It took me a long time to develop my ‘engineering identity.’ The classic IT stereotype is a 25 year-old , hoodie-wearing, anti-social dude. This perception of the field, and the language used to describe it, coupled with the lack of awareness about STEM courses and lack of support and community are some examples of the barriers that prevent women from taking up STEM courses.

Talks, excursions, or workshops can be a useful way to build awareness of STEM courses for school students. In the past, I have run interactive workshops for grade 7 and grade 9 girls to help give them exposure to technology projects and skills early on and before they have to make crucial decisions about their future. There is certainly a need for more support at universities so the women that enrol in STEM courses feel adequately supported to complete their education. However, support also means that they see role models within the field.

Plus, there need to be more industry speakers, apprenticeship, networking opportunities with fellow women and non-binary students and faculty members. Having positive and inclusive study experiences is also essential to ensure women get an equal chance of success.

What has Monash been doing to help women feel empowered around campus and are there any specific initiatives?

RS: I joined the Monash Faculty of IT for my PhD research in 2021 and it was refreshing to see Professor Ann Nicholson as the Dean, as well as the many other accomplished female academics and researchers in the faculty leadership team.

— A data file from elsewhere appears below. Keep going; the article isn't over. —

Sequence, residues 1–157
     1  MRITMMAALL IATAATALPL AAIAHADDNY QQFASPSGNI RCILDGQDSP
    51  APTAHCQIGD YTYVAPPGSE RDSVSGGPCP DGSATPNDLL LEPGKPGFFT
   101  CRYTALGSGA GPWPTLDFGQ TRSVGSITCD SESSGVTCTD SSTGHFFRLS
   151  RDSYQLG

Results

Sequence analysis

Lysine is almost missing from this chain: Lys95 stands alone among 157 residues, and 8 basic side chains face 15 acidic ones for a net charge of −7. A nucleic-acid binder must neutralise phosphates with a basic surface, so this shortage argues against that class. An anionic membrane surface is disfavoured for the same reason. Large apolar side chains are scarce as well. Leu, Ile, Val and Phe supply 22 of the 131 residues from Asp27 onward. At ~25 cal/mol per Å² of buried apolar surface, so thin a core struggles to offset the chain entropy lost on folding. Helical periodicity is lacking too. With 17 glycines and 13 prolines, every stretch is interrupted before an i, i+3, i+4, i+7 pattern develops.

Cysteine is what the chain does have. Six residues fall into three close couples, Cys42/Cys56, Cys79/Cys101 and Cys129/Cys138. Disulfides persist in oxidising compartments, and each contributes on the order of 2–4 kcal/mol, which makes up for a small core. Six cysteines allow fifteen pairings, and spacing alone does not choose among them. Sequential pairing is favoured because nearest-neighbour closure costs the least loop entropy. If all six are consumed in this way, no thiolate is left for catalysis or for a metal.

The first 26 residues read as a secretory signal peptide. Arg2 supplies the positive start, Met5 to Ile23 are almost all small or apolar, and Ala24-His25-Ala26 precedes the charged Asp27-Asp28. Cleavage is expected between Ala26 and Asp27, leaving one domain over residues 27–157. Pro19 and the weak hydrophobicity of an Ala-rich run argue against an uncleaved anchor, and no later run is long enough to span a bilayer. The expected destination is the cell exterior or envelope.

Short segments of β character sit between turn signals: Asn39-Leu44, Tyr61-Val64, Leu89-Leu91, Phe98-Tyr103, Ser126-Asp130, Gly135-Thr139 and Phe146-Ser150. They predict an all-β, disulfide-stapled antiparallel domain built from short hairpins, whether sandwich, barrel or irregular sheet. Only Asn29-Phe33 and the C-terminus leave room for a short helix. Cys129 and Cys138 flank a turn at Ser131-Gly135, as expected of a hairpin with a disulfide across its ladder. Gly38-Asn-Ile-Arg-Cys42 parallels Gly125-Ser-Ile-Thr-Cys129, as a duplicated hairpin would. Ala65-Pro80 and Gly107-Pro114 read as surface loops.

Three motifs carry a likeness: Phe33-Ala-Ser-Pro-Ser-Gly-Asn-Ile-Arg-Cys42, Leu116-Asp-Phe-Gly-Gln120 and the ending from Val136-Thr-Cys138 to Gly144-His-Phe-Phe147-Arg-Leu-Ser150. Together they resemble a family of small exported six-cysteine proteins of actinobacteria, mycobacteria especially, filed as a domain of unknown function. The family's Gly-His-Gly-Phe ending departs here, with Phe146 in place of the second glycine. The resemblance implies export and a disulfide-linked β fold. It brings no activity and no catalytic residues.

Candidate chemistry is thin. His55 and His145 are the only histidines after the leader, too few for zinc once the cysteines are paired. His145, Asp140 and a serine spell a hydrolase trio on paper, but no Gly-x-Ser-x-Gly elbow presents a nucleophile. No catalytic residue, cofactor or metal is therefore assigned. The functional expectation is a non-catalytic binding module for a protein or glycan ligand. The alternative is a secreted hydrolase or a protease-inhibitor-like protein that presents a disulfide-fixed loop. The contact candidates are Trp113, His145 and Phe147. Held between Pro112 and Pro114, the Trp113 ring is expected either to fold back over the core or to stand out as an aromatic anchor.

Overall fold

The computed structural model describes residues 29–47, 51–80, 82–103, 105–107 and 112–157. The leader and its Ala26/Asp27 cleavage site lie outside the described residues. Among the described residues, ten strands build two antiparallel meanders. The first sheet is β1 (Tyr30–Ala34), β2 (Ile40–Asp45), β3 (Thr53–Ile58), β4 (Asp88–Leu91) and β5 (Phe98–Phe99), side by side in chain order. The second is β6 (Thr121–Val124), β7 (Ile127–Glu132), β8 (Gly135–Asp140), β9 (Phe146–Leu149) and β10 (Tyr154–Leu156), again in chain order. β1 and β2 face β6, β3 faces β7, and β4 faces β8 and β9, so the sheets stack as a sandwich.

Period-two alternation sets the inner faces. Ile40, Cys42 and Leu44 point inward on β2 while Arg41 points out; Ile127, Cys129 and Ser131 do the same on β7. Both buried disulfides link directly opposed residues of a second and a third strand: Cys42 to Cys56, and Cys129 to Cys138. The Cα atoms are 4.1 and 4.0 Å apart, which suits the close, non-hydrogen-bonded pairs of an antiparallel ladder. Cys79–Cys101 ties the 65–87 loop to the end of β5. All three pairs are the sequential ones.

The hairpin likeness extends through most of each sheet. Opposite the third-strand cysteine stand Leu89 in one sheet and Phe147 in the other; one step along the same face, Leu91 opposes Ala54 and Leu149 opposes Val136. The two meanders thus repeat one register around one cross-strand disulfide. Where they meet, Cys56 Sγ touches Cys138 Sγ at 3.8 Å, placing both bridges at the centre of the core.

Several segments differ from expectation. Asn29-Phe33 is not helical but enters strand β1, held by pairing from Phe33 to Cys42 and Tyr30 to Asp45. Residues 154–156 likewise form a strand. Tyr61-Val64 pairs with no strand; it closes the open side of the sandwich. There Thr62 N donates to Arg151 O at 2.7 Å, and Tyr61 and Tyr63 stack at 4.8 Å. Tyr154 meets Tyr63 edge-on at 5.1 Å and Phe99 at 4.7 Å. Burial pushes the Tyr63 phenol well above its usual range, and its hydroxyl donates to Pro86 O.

Monash has a range of initiatives including scholarships, mentorship programs, student groups, and clubs that champion gender equity. For example —the Women in Technology mentoring program pairs students with industry professionals to help them gain critical insights in the field and expand their professional networks for a headstart on their careers.

The Graduate Research Women’s Network is being reactivated this year to bring together female HDR students and build a community of support. It will run social and professional development events targeted at women and non-binary research students to help give them more support in the field. Initiatives like these provide much-needed safe spaces and opportunities to women students foster connections and have positive experiences that help them thrive in their studies.